Report of the Budget Committee of the University Senate April 20, 1998
Budgets reflect the institution's priorities, and in a perfect world we would report on Columbia's budget in these terms. In practice, this is impossible. The budget is so complex and decentralized that preparing a proper report would be a full-time job. Furthermore, the great bulk of our spending is within the individual Schools, and accordingly, without specific input from Vice-Presidents and Deans, not to speak of School faculties, this Committee does not have the information or the mandate that would permit meaningful comment on these expenditures.
The central administrative budget itself is very complex. Next year's report will say more about it, and here we would just note that it includes many units that students and faculty often do not consider to be administrative. This is especially true of the library system, an area in which the Senate has called for significantly increased spending.
We would of course like to decrease spending for administrative services if this could be done through increased efficiencies. President Rupp, Executive Vice-President Lloyd, and others have put in great efforts to increase efficiencies, and we do not have the expertise to say whether more might be done along these lines.
Another large segment of the central budget involves capital projects, many of which are also the direct responsibility of Schools (i.e., while the borrowing for the new Law-Business classroom building has to fit under the overall university borrowing limit, the interest payments are the responsibility of these two Schools and are not "socialized" through the central budget). Columbia is just completing one five-year plan and the next one, which will involve borrowing approximately $42 million a year, has not reached the stage of specific proposals, although some projects already approved will be funded out of these sums (e.g., phase II of the Butler renovation, the completion of Lerner, and the new undergraduate dormitory). The Budget Committee is working in conjunction with the Physical Development Committee to comment on plans as they are being developed. The obvious general question is whether Schools will have the ability to pay debt service for desired projects; the obvious question for the Senate and its relevant committees is whether the priorities of the Deans, Vice-Presidents, and Provost reflect all the considerations that should go into formulating such plans.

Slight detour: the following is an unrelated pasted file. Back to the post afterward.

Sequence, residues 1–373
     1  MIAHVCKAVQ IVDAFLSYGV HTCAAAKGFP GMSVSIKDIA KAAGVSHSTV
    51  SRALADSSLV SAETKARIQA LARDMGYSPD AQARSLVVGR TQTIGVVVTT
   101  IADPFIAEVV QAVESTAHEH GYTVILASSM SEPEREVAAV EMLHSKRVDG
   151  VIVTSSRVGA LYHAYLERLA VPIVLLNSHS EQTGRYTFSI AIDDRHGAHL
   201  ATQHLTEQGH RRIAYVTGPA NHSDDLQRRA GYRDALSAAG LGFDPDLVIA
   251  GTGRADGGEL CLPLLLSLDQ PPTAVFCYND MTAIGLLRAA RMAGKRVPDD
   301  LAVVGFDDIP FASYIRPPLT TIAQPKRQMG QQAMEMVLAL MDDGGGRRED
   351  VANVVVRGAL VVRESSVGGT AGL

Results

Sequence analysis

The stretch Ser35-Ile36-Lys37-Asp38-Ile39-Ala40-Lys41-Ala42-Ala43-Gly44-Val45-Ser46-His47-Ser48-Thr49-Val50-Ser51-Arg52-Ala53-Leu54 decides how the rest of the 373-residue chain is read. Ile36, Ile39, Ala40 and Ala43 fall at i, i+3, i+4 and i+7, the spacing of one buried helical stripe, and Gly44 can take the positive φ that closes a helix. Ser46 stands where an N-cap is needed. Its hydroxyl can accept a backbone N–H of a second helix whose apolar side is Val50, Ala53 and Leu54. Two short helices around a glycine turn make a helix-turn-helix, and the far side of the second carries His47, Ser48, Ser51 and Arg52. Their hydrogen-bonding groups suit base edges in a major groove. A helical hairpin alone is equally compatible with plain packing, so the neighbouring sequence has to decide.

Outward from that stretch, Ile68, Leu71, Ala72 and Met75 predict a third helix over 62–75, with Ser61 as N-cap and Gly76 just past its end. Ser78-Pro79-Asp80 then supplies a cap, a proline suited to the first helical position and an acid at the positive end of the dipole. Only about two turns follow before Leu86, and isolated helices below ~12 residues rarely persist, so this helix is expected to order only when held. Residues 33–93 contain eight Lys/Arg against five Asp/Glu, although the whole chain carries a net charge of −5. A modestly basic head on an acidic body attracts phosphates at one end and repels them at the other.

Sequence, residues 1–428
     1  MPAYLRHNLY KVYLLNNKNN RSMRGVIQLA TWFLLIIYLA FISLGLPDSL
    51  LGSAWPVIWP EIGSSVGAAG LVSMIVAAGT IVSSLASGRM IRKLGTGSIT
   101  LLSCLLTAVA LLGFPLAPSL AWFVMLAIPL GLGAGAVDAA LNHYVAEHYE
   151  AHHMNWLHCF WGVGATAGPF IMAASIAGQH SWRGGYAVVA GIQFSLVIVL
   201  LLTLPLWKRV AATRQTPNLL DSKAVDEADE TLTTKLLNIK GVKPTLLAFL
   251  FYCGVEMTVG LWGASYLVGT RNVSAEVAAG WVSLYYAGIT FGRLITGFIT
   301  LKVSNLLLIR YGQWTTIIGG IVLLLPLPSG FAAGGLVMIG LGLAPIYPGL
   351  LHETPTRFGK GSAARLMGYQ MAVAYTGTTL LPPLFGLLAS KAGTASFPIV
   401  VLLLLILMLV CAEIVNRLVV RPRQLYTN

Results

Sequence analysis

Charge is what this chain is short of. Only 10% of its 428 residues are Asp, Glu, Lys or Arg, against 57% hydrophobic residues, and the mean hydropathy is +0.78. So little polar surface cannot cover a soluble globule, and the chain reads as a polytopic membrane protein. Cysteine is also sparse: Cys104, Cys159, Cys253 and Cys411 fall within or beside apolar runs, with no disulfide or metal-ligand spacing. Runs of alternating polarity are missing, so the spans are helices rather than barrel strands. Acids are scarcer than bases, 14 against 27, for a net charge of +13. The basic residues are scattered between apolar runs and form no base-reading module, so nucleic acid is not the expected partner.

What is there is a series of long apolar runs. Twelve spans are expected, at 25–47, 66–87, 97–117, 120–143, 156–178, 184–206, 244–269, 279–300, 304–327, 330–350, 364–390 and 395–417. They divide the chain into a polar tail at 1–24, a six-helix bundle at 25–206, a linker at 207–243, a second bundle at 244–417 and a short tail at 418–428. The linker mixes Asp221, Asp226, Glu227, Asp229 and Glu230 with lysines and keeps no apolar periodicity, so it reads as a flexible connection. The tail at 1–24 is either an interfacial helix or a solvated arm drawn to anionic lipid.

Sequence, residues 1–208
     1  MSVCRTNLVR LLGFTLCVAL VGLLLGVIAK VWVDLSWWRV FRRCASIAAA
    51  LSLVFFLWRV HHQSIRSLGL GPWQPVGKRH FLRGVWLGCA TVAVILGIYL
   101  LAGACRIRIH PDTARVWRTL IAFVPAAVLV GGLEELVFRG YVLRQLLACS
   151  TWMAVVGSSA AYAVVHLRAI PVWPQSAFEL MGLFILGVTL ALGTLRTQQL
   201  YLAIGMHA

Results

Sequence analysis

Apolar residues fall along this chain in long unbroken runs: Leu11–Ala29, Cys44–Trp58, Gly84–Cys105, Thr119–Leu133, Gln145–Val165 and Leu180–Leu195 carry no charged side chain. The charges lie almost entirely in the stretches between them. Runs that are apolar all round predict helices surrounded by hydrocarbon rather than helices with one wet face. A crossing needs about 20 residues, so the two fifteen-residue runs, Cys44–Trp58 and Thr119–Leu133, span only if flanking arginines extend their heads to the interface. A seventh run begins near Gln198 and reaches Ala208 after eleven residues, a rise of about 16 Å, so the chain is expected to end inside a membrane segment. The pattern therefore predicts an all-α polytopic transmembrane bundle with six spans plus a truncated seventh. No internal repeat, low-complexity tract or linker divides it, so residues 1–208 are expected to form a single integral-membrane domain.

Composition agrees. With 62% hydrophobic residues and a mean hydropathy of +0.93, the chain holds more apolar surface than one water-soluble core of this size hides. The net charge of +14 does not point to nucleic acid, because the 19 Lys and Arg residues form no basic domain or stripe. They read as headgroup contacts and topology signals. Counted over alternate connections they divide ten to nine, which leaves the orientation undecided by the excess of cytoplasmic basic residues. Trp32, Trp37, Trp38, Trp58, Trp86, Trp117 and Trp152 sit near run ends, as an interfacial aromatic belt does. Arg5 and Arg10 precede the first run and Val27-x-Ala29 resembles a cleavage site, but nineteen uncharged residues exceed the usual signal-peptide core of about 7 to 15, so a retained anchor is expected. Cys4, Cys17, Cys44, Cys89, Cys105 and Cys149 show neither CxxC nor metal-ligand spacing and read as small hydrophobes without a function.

As noted in previous reports, Columbia's budgeting system has changed in recent years to be more decentralized. Funds--especially tuition dollars--no longer flow to the center, to be dispersed to the Schools, but rather go directly to the Schools. Central expenses are covered largely by central endowment, earnings from patents and licenses, and a "tax" on each School. The level of the tax incorporates previous arrangements, and for each School is projected to increase at approximately 5% a year. Questions about the appropriateness of the tax on particular Schools, the division between expenses that are on the central budget (i.e., "socialized") and those that are allocated to particular Schools, and the allocation of endowments have been subject to long discussions in the past and need not be rehearsed here. We just want to note that Columbia does not have many mechanisms for the central direction of funds and therefore lacks accepted and transparent means for setting University priorities. To take an unlikely hypothetical case, if a School received a donation that doubled its endowment, one could easily argue that some of these funds should be re-directed to less fortunate schools. But current procedures would not readily permit this.